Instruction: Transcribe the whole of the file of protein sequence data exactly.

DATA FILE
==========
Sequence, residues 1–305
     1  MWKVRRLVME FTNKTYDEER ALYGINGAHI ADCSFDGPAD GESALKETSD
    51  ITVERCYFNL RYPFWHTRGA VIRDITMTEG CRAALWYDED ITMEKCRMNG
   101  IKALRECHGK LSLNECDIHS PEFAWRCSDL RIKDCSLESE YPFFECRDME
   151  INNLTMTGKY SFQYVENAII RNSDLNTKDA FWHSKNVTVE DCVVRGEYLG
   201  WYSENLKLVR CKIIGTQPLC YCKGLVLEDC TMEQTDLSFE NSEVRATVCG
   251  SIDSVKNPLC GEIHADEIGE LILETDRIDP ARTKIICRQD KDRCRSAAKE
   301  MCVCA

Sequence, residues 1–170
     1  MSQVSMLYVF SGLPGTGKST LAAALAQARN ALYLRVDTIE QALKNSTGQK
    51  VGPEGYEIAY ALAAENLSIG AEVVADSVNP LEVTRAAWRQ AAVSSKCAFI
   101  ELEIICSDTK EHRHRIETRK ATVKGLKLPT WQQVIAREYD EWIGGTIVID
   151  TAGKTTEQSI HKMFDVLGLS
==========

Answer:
Sequence, residues 1–305
     1  MWKVRRLVME FTNKTYDEER ALYGINGAHI ADCSFDGPAD GESALKETSD
    51  ITVERCYFNL RYPFWHTRGA VIRDITMTEG CRAALWYDED ITMEKCRMNG
   101  IKALRECHGK LSLNECDIHS PEFAWRCSDL RIKDCSLESE YPFFECRDME
   151  INNLTMTGKY SFQYVENAII RNSDLNTKDA FWHSKNVTVE DCVVRGEYLG
   201  WYSENLKLVR CKIIGTQPLC YCKGLVLEDC TMEQTDLSFE NSEVRATVCG
   251  SIDSVKNPLC GEIHADEIGE LILETDRIDP ARTKIICRQD KDRCRSAAKE
   301  MCVCA

Sequence, residues 1–170
     1  MSQVSMLYVF SGLPGTGKST LAAALAQARN ALYLRVDTIE QALKNSTGQK
    51  VGPEGYEIAY ALAAENLSIG AEVVADSVNP LEVTRAAWRQ AAVSSKCAFI
   101  ELEIICSDTK EHRHRIETRK ATVKGLKLPT WQQVIAREYD EWIGGTIVID
   151  TAGKTTEQSI HKMFDVLGLS